The right kidney is so closely connected with the hepatic flexure of the colon that any change of position of this portion of the colon must have more or less effect upon the kidney. When the cecum and the ascending colon become overloaded, the drag upon the kidney may become so great as to loosen it from its moorings, and lead to floating kidney.
Recent observations have shown that when putrefying feces accumulate in the colon great numbers of bacteria pass through the walls of the intestine into the branches of the portal vein, and are carried to the liver. The liver destroys many of these bacteria, but not a few of them pass out in the bile, and thus infect the bile passages of the liver and gallbladder. It is possible, also, that infection may occur directly from the intestine. The bacteria may ascend the gall ducts to the gall-bladder and the liver. Modern research has shown that gall-stones are always due to bacteria, which are found in the interior of the gall-stones. Persons suffering from disorders of the gall-bladder, and from gall-stones, are always chronic sufferers from constipation and alimentary toxemia, to which unquestionably their liver troubles are chiefly due.
One very rarely finds a person suffering from insomnia who is not constipated. Not infrequently, the constipation is present in the latent form, and its existence may not be expected. Examination of the stools and inspection of the tongue give clear evidence of the existence of stasis in the colon. The insomnia is due to the irritation of the brain cells produced by the poisons with which the blood is saturated through absorption from the colon. The use of soporifics only secures temporary relief with a certainty of making the patient worse through disturbing his digestion, destroying his appetite, and thus making his constipation worse. By relief of constipation through proper diet, and the adoption of other rational measures the insomnia may be made to disappear, and usually with very great promptness.
This very common and most distressing effect of chronic constipation is due to putrefaction poisons absorbed from the colon, and constipation quickly disappears when the intestinal flora is changed and the bowels made to move well three times a day. Copious water drinking, especially drinking two or three glasses of hot water two or three times a day ameliorates the symptom by aiding the elimination of poisons. Attacks of migraine are always preceded by an increase of stasis, that is, by an accumulation of fecal matters which throws into the blood a new flood of indican and other toxins. By a thorough emptying of the colon through the use of the enema the attack may always be mitigated and sometimes averted. If the attack has actually begun, however, the result is less satisfactory although even then the duration of the attack if not its intensity may be lessened by emptying the colon by repeated enemas. When vomiting or nausea is present, the enema should be repeated several times a day as a means of introducing much needed fluid. An excellent plan is to introduce into the colon to be retained and absorbed half a pint to a pint of water every hour or two.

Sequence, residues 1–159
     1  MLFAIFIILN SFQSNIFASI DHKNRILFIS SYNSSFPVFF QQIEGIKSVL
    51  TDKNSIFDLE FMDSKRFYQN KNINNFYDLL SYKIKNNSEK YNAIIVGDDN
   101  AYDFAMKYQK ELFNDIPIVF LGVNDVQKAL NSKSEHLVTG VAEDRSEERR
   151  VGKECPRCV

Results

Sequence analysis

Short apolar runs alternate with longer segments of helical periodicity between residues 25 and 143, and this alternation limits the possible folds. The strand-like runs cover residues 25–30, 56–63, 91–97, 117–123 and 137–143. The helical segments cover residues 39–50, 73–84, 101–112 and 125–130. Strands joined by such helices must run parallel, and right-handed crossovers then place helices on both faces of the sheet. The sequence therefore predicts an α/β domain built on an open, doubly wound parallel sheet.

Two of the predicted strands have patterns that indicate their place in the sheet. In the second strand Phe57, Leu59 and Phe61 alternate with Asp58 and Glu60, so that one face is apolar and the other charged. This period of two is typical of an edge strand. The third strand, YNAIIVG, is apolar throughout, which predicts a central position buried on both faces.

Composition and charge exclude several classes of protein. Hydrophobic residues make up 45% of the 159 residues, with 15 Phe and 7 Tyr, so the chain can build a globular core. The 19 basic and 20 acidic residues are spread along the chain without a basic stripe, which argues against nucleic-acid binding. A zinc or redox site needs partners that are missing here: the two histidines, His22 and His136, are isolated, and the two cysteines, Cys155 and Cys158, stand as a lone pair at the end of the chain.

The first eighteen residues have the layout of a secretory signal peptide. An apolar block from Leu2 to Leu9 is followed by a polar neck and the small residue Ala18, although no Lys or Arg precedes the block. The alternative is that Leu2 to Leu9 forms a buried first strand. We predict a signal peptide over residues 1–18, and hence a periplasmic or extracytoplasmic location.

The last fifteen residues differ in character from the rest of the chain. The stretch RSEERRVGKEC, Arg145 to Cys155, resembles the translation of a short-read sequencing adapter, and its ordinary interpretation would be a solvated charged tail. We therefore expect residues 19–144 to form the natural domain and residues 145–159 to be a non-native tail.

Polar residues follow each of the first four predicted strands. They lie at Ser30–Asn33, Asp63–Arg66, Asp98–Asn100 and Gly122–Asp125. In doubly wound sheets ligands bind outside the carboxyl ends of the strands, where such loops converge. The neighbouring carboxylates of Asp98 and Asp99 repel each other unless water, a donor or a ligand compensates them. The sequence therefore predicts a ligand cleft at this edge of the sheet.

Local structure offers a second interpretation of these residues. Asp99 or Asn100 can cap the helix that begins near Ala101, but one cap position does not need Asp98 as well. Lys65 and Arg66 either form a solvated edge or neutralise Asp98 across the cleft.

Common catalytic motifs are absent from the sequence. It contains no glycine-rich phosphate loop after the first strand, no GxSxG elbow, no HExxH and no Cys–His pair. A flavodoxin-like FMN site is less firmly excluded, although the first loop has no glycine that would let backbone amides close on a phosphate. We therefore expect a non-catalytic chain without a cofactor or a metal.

The excruciating pain of migraine may be made more endurable by fomentations or alternate hot and cold applications to the painful parts. The use of morphia and other narcotic or pain retrieving drugs is most pernicious. The use of drugs purchases but present relief at the expense of increased future suffering. Such drugs increase the constipation and so aggravate the toxemia and not infrequently a drug habit is formed.
The researches of Combe and Rouget have clearly shown the relation of intestinal intoxication to the arrested growth and other disturbances of nutrition which are frequently observed in infants and young children and that constipation lies at the foundation in most of these cases. One of the most important of all the duties of the nurse is to attend carefully to the condition of the infant's bowels, as neglect in the first weeks of infancy may lay the foundation of troubles which years of painstaking efforts will be required to relieve, and which may be irreparable.
This newly-described disease affects especially the colon, and particularly the pelvic colon. It consists in the formation of small pouches along the border of the colon, which sometimes increase to a considerable size. These pouches become filled with feces, which often set up irritation and give rise to abscesses.
Many of these pouches have very narrow mouths so that fecal matter readily accumulates in them. This condition involves many serious dangers. If the mouth of a diverticulum becomes closed, the infectious contents quickly give rise to inflammation which may result in ulcer of the bowel, abscess, or adhesions with the formation of a tumor mass and obstruction. When diverticuli are known to exist, the patient should take care to keep the bowels freely open by a very laxative diet and the use of Russian paraffin oil.
Diverticulitis is caused by injury to the intestinal wall produced by colitis followed by overdistention of the bowel by accumulation of fecal matters.
Each diverticulum involves exactly the same dangers which are connected with a chronically inflamed appendix.
Diverticulitis may cause obstruction of the bowels, both by giving rise to adhesions and by causing thickening of the walls of the intestine, and so gradually narrowing its lumen until complete obstruction occurs. This condition is sometimes mistaken for cancer.